Negative Effects of Conservation Easements

I came across this article when doing research on the negative effects of conservation easements: “Condemning Conservation Easements: Protecting the Public Interest and Investment in Conservation” by Nancy A. McLaughlin (link).

To quote her conclusion at the end:

“The payment of just compensation to the holder of a conservation easement upon condemnation is mandated under any reasonable interpretation of the Takings Clause of the Fifth Amendment. Accordingly, the few easement-enabling statutes that provide to the contrary should be revised. The public is investing substantial financial and other resources in conservation easements and the significant and often unique and irreplaceable conservation and historic values they preserve. To protect this investment in conservation and historic preservation, government and nonprofit holders of conservation easements must both receive appropriate compensation upon the condemnation of easement-encumbered land and use such compensation to replace the conservation or historic benefits destroyed by the condemnation. Paying the economic value attributable to a conservation easement upon its condemnation to the owner of the encumbered land would confer an undue windfall benefit on the owner at the public’s expense. Alternatively, allowing condemning authorities to take easement-encumbered land without paying for the easement would have the perverse effect of making land protected for its conservation or historic values cheaper to condemn than similar unprotected land. Either result would directly contravene the strong public policy in favor of the use of conservation easements as a land protection tool.”

While the article is a good read and makes many valid points, there are other issues with the concept of these easements:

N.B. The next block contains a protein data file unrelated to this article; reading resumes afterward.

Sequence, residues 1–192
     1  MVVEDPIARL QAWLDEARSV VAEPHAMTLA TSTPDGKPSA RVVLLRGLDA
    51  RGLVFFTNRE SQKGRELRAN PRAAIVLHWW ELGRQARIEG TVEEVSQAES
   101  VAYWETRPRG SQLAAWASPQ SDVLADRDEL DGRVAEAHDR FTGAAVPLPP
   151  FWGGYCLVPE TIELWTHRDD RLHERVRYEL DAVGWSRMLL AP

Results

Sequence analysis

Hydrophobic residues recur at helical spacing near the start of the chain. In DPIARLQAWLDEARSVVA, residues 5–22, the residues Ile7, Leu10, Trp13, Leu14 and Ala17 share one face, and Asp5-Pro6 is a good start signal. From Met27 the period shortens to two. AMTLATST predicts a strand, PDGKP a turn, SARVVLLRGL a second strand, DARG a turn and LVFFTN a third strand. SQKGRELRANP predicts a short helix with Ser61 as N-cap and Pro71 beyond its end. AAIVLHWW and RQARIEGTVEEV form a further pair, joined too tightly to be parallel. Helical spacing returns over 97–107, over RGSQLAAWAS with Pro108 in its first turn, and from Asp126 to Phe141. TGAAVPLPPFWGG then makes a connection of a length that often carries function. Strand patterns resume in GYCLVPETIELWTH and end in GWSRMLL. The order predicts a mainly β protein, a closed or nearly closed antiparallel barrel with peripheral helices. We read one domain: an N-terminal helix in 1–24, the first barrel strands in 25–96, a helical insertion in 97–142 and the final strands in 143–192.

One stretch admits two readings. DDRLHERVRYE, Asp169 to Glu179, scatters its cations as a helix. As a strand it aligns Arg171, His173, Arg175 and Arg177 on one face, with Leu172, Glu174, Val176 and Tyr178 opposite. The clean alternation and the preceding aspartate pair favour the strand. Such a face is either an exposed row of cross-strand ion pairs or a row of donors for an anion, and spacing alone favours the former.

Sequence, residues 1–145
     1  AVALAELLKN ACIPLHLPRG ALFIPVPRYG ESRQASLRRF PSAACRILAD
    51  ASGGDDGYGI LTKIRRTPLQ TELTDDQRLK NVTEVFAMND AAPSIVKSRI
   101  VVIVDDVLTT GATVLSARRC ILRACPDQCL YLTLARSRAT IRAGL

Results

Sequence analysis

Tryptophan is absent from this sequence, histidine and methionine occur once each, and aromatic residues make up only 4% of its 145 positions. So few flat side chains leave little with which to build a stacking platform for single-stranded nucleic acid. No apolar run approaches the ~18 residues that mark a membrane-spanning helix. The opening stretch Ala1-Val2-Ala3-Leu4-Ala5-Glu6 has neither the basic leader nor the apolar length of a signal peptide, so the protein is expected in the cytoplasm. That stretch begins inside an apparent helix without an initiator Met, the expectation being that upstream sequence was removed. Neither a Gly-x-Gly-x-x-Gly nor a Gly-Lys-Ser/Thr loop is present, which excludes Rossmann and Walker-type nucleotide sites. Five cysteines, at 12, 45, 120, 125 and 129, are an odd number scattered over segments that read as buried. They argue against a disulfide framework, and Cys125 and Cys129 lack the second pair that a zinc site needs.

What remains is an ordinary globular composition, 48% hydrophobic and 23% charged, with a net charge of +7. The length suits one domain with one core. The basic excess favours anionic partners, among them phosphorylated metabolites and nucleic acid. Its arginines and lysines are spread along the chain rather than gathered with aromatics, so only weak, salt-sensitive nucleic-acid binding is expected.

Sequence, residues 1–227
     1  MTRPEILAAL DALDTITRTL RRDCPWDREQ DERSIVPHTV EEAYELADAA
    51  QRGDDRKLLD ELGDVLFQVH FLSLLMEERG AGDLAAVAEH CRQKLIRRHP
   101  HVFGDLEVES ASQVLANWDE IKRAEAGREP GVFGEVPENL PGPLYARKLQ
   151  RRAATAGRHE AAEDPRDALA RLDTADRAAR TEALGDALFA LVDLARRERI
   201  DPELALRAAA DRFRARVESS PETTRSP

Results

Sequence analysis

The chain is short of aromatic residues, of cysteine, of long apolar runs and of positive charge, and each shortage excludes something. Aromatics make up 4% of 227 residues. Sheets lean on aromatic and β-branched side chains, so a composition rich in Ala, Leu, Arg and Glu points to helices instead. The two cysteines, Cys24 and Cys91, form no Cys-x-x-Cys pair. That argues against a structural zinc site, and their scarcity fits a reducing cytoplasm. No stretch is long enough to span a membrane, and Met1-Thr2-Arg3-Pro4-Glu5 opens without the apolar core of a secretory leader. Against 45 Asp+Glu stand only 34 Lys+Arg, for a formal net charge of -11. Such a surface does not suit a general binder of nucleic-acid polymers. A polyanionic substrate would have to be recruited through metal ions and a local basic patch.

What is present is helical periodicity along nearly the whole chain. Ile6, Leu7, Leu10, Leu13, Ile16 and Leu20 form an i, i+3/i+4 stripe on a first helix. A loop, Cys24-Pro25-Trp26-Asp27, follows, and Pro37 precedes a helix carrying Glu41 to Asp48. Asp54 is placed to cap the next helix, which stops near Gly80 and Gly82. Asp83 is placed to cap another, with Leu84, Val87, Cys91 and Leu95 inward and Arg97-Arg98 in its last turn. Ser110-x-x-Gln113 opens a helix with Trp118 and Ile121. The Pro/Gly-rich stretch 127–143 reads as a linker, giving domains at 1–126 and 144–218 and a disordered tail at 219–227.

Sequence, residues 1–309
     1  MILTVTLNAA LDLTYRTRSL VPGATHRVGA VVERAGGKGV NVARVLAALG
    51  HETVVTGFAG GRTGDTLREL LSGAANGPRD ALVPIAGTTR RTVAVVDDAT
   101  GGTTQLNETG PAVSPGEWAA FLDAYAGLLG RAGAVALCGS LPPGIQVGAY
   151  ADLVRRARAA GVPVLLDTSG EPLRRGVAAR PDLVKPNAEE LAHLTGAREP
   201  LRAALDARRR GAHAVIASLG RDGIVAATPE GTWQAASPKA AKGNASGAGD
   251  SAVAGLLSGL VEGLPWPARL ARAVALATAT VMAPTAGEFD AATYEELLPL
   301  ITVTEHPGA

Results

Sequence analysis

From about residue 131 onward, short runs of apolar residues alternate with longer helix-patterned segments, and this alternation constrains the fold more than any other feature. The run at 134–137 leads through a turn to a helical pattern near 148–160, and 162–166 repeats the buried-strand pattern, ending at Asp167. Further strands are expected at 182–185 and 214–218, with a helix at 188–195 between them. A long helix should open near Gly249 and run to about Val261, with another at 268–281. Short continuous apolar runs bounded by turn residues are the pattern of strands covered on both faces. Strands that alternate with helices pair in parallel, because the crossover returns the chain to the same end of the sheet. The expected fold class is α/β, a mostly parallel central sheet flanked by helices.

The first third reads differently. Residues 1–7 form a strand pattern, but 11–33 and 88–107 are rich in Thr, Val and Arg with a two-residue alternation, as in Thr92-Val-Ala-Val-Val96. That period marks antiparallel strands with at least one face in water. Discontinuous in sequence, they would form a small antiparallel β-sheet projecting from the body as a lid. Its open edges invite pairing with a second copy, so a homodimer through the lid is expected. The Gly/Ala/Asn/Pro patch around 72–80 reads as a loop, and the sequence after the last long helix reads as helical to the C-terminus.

1. By “public” just what subset of the “public” is truly represented if fair compensation for the Takings is given to the owner of the encumbered land? Are a handful of city planners and a handful of NIMBY minded citizens involved, or is it truly a larger sector of the public?
  2. As with the flawed 2005 SCOTUS Kelo decision which stretched public “use” to mean “benefit”, i.e. for economic development projects, full public use is not often the result of an eased property. The encumbered land is still largely under private ownership and control. Broadening the gray area between public and private property gives government more power and control over all property. To reduce tyranny, we should strive for policies which limit the volume of truly public use property, and leave private property as unencumbered as possible from regulations.
  3. Landowners with greater political leverage may pitch to have portions of their property attached to a conservation easement, not only for the short term Takings compensation, but also for the commonly used long term tax abatement benefit. Does politics play a greater role in what property is “protected” vs. true environmental status?
  4. Flipping the above argument around, a benevolent but weak political entity may nobly apply easement policies in the short run, only to have powerful developers from a higher level political subdivision take the property over for a low cost in the future. The author did expound on this point.
  5. Location, location, location. Conservation easements are often applied in regions where maximum building density makes more sense. Concern about adequate green space in suburban regions promotes these easement policies, which reduce density, then cause urban sprawl to spread out further, and as a result add to pollution by increasing commute times and therefore transportation energy use. The net environmental impact to the earth as a whole could often be negative.

Conservation Easements just do not fit well with a Libertarian approach to governance.